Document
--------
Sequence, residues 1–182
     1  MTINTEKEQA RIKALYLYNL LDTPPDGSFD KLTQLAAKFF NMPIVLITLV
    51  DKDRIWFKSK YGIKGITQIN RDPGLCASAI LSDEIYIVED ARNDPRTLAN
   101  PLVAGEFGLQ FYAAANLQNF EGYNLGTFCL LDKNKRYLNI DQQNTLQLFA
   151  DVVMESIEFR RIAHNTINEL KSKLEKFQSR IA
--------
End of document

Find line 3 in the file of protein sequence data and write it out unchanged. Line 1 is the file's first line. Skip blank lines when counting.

    51  DKDRIWFKSK YGIKGITQIN RDPGLCASAI LSDEIYIVED ARNDPRTLAN